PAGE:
View more on these topics

West Brom agrees to sell Mortgageforce

West Bromwich Building Society has agreed in principle to sell Mortgageforce to the management while retaining a small minority interest.

The building society announced the move to sell the mortgage broking franchise today alongside the release of West Brom’s annual results.

A statement from West Brom says: “The society has agreed, in principle, to sell mortgage broking franchise Mortgageforce to the management for a nominal consideration whilst retaining a small minority interest.”

A separate statement within the company’s financial results says: “Having identified that the mortgage broking subsidiary, Mortgageforce, is not a core activity, the board intends to exit this business at the earliest opportunity.”

West Brom has made a loss after tax of £11.2m for the year to March 31, compared with a loss of £39.3m last year.

It now has a tier 1 capital ratio of 13.9% from 8.8% in 2009 and its core tier 1 ratio has gone from 6.8% to 11.8%.

The society attracted just over 72,500 new customers in the year to the end of March, with retail balance inflows of £2.9bn and residential mortgages covered 1.29 times by retail balances.

On the society’s results Robert Sharpe, chief executive of West Brom, says: “The improvement on last year’s results clearly indicates that we are starting to see the benefits of the West Brom’s ’Back to Basics’ strategy with its renewed focus upon our traditional strengths as a regionally-based building society and concentrating on our core activities of savings and residential mortgages.

“This means that we have split the group between the traditional building society operations and those that are now in run-off, such as commercial lending, and we are applying the right management focus and skills to each.

“The economic outlook is likely to stay unsettled for some time but the West Brom’s ’Back to Basics’ strategy, about which we expect to make further announcements in the near future, allows us to look forward with genuine confidence as market conditions gradually recover.”

Total assets at the society have reduced by 9.4% to £8.3bn, while retail savings balances rose slightly.

West Brom has cut costs over the last year by 26% and over the last 18 months staff numbers have gone from just over 1,000 to around 800.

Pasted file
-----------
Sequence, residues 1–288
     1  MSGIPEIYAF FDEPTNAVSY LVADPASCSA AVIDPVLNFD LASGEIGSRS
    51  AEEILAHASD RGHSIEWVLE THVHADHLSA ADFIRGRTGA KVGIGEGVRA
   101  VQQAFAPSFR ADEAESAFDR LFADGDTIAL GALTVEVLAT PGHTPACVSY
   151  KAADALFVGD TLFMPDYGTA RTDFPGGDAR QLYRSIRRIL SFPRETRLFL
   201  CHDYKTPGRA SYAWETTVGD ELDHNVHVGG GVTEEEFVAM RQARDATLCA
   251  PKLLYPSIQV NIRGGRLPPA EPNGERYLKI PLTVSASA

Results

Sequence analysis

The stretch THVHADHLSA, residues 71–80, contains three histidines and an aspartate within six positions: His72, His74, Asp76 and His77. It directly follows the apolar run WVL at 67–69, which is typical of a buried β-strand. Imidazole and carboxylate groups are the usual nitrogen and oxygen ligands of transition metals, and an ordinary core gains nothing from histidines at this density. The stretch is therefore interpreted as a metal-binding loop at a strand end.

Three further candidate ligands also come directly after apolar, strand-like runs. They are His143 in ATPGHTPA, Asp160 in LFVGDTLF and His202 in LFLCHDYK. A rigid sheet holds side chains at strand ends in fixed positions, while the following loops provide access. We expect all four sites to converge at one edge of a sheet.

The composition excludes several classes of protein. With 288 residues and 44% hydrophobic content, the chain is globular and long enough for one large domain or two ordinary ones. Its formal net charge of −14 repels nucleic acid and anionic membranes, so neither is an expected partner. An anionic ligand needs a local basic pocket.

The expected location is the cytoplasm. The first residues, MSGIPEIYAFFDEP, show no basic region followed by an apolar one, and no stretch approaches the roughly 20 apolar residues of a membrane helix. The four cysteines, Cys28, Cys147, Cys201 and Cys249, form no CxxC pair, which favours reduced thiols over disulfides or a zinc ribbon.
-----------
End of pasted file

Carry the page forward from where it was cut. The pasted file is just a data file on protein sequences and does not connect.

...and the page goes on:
The society strengthened its capital by converting its debt into capital via an instrument called Profit Participating Deferred Shares last July.

The exercise, the first and only of its kind, raised £182.5m to strengthen West Brom’s balance sheet.

Recommended

March saw 45% lift in purchase loans

House purchase loans rose by 45% year-on-year in March, marking the ninth month in a row of annual growth. Data from the Council of Mortgage Lenders shows there were 45,000 loans for house purchase in March, worth £6.3bn. This was an increase of 25% in volume compared with February. But the remortgage market was down […]

Newsletter

News and expert analysis straight to your inbox

Sign up
Comments
  • Post a comment
  • peter 1st December 2010 at 5:24 pm

    Is Basics anywhere near West Bromwich?

  • Dan McGeehan 26th May 2010 at 5:49 pm

    Its only an Agreement in principle…how many times have you had one of them in the last 12 months and then had it fall down when you go to full application.

  • Geoff Laird 26th May 2010 at 4:58 pm

    If Robert Sharpe has decided to sell a non core activity then this speaks volumes since if Mortgage Force were contributing significant profits to West Brom, he would have elected to retain the brokerage given the need to maximise distribution for any upturn in the Market, but clearly this was not the case.
    Only time will tell if this was a shrewd move or not but now it is up to Mr Duffy to prove West Brom wrong

  • John Pinkman 26th May 2010 at 3:54 pm

    Nice to hear a lender going back to basics, I wish some of the larger institutions would do likewise and leave the Broking to the experts…

  • colin 26th May 2010 at 3:04 pm

    no doubt a very smart move by Mr Duffy……nick it for a song in bad times and sell it back to a instit in the good terms when they return